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A Wes Anderson sci-fi, the Encounters Film Festival and more

A Wes Anderson sci-fi, the Encounters Film Festival and more

Here is our non-exhaustive list of films and series to look out for in June on Netflix, Showmax, Amazon Prime Video, Apple TV+, Disney+ and in cinemas.

Encounters South African International Documentary Festival 

After three years the festival has fully returned to live screenings, which will take place in a variety of theatres in Cape Town and Johannesburg from 22 June to 2 July 2023. Tickets are available on the official festival website. The catalogue this year includes several high-profile international releases such as the Oscar-nominated masterpiece All That Breathes, the Sundance Award-winning 20 Days in Mariupol, Seven Winters in Tehran and Merkel.


Quirky new releases

Asteroid City: 16 June in cinemas

If you’ve seen one of his movies, you’ve seen them all, and yet it never gets old. Deadpan humour, symmetrical sets, a retro soundtrack, a primary-pastel colour palette and a cast of familiar actors, some of which are even more famous than Wes Anderson himself. The auteur’s style has become so formulaic and recognisable that it’s become a popular AI video meme to apply the Wes Anderson treatment to other franchises. His filmography essentially does the same thing but with movie tropes – this time we get an Anderson-style sci-fi (with a dash of romantic comedy, of course) set in the Fifties in a fictional American desert town.

I’m a Virgo: 23 June on Prime Video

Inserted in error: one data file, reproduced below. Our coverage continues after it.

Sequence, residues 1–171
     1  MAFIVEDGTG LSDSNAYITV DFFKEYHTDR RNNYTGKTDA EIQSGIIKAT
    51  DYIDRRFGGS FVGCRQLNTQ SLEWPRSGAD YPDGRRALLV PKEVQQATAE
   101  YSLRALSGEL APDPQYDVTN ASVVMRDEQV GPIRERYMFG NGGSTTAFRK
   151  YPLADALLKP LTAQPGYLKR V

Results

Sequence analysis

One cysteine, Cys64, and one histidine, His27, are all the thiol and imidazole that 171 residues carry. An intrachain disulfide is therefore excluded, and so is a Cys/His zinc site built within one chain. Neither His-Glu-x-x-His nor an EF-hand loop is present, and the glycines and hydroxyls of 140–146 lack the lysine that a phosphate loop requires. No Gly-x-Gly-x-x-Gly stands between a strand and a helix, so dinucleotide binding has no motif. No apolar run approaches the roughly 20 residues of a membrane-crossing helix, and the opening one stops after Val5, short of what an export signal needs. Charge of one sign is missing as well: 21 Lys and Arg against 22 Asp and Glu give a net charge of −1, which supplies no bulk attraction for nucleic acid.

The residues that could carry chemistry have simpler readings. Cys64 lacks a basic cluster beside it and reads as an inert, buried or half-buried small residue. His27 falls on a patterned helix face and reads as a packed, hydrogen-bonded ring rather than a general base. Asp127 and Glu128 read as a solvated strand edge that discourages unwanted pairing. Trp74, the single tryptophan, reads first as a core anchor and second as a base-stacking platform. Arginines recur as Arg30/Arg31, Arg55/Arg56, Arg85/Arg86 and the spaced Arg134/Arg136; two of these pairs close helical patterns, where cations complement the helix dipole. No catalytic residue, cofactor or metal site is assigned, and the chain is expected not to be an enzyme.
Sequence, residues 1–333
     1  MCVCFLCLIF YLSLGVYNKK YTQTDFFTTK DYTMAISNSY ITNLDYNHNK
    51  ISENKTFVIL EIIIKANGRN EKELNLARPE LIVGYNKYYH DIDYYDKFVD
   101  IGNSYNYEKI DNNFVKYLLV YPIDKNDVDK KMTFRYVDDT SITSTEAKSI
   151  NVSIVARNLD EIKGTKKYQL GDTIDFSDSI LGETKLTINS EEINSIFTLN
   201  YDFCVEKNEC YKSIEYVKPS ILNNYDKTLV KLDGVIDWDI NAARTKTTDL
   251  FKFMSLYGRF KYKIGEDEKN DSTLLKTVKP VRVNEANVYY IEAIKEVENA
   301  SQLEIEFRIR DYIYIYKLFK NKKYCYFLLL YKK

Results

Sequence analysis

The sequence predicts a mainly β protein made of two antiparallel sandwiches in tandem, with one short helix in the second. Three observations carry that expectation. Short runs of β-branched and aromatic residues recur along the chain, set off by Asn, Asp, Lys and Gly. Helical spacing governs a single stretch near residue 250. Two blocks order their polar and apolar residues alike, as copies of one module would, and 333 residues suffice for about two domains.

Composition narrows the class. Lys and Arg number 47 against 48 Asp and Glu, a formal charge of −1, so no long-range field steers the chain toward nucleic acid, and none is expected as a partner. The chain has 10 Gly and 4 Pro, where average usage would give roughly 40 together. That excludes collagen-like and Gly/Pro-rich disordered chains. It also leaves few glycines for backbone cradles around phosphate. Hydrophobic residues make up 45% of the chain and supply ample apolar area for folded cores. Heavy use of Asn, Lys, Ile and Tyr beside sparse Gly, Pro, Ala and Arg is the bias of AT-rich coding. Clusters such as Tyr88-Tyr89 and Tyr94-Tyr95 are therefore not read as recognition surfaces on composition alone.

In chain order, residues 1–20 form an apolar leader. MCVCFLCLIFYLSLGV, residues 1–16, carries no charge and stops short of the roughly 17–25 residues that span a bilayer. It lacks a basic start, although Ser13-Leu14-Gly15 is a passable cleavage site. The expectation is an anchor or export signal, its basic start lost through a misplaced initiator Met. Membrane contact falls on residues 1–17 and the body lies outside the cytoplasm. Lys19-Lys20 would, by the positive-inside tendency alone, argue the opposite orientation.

A sharp, quirky, absurdist comedy series about a gentle American teenager who escapes from his quiet life where he’s been kept sheltered from the world due to his inexplicably being a whopping 4m tall. Apart from the visual comedy of his enormity, the series is blessed by the sly satirical genius of creator Boots Riley (Sorry to Bother You) and the edgy lovability of Emmy-winning lead actor Jharrel Jerome (When They See Us).


Your next binge-watch

Mrs Davis: 1 June on Showmax

Sassy Nun vs omnipotent AI. Don’t pretend that doesn’t sound like a fun set-up. Betty Gilpin (GaslitGlow) plays a nun thoroughly gatvol with our increasing dependence on technology and hellbent on destroying “Mrs. Davis”, the world’s most powerful artificial intelligence program. Co-created by three-time Emmy winner Damon Lindelof (Watchmen) and writer Tara Hernandez (The Big Bang Theory), this unplaceable showdown between spirituality and tech has a charmingly batshit-crazy tone. 

A Town Called Malice: 2 episodes on 9 June, then weekly on Showmax

Romance, obsession, violence, deceit and swagger – everything you could ask for in a crime thriller/family saga. This high-octane neon Western is a musical love letter to the Eighties following the Lords family, South London gangsters for whom “fallen from grace” doesn’t seem like the right term for their grimy descent. Following a gangland battle that doesn’t go their way, they flee to Spain to put some distance between themselves and their criminal rivals, only to realise that this forced vacation is an opportunity to reinvent themselves and rise to their former “glory”.